Getting What You Pay For: ISPs Buy Your Privacy


The President signed into law a bill allowing your internet service provider to sell your complete internet browsing and email history without your consent. Essentially, your ISP can sell everything you send or receive through the internet. It’s a law that benefits internet service providers and no one else.

The law – technically a resolution – repealed a Federal Communications Commission rule that would have barred ISPs from selling, without your consent, customer data, including app usage, browsing history, even Social Security numbers, to marketers and others. The FCC rules was widely praised by privacy and consumer advocates when it was finalized last year. It had not yet taken effect.

The excuse for the law is that it “levels the playing field” between internet service providers and internet content providers like Facebook and Google. Content providers are in the business of harvesting and selling the data you give them.

But the excuse is nonsense. You can choose whether or not to use a content provider. You can avoid Google; you can not join Facebook. It’s a choice, and the choice gives you control over who has your information.

But you don’t have a choice about using an internet service provider unless you choose to avoid the internet entirely. That’s a much different choice. It’s not even apples and oranges; it’s apples a big rocks.

In fact, it is a classic false equivalency fallacy. Service providers and content providers are not the same thing, and there’s no reason for them to enjoy the same privileges with your personal data. The Republican excuse – and it was a party-line split in voting – is a lie.

Faced with that reality, some Republican supporters shifted ground, claiming that regulation of the internet by the FCC and the Federal Trade Commission was confusing to consumers. Oddly, not consumers have claimed to be confused. This excuse whiffs of ISP spin control, and is even less plausible than the false equivalency fail.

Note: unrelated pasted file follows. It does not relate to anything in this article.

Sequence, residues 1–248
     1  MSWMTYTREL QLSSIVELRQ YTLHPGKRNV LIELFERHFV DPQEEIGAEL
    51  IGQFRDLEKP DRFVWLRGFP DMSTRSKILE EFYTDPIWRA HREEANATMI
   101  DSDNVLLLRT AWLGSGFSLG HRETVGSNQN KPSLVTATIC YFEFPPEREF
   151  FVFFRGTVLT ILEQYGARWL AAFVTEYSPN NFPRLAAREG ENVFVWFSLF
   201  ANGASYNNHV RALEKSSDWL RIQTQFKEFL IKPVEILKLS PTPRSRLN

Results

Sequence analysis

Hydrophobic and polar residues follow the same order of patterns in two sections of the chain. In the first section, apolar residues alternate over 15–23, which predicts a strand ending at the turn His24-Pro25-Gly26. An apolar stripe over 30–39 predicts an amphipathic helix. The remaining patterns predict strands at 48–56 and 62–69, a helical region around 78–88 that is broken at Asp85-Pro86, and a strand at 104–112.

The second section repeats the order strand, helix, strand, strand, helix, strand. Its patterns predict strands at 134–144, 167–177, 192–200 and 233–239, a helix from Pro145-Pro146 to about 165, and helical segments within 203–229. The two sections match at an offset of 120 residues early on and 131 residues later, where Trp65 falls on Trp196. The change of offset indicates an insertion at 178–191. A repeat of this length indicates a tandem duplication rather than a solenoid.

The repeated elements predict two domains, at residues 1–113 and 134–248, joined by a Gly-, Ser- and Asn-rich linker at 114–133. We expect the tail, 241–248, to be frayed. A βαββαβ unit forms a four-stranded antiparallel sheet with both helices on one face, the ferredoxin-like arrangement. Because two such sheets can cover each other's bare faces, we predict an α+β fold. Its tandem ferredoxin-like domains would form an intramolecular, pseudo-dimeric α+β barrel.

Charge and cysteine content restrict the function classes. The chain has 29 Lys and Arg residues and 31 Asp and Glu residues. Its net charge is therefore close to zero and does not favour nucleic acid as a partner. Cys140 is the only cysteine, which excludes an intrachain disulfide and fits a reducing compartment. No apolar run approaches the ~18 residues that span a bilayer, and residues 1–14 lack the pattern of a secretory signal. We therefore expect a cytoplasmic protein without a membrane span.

The public is strongly opposed to the law. According to a Huffington Post/YouGov survey that found 72 percent of Republicans and 72 percent of Democrats opposed the rollback. Among Republicans polled, even if they were told the law was a Republican bill, it still got overwhelming disapproval.

The despicable Rep. Don Young (R, Senility) said he voted for the law because the Republican leadership told him to. That makes it clear that voting for Young is like voting for a rubber stamp that’s used by national Republican leadership. If Rep. Young had the self-reflection of a planaria, he’d understand that begs the question.

Sure, the ISPs promise they wouldn’t do such a heinous thing as sell your private data. They even sent WC a weasel-worded email promising they had no present plans to sell private information. But if you think that the ISPs, having invested tens of millions of dollars in lobbying efforts and campaign contributions don’t want a return on their investment, you’re either employed by an ISP or incredibly naive.

So why did Congress give away your personal data?

It’s pretty simple. They didn’t give it away. They sold it. The average contribution by the ISP industry to Republicans in the U.S. House was $138,000. The 50 House Republicans voting against the bill got an average of only $77,000. In the Senate, the 50 Republicans voting for the bill had received an average of $368,648 from the industry during their congressional careers. If you do the math, that millions of dollars in campaign contributions by the internet service providers to your elected representatives.

Who, without hesitation, sold you out.

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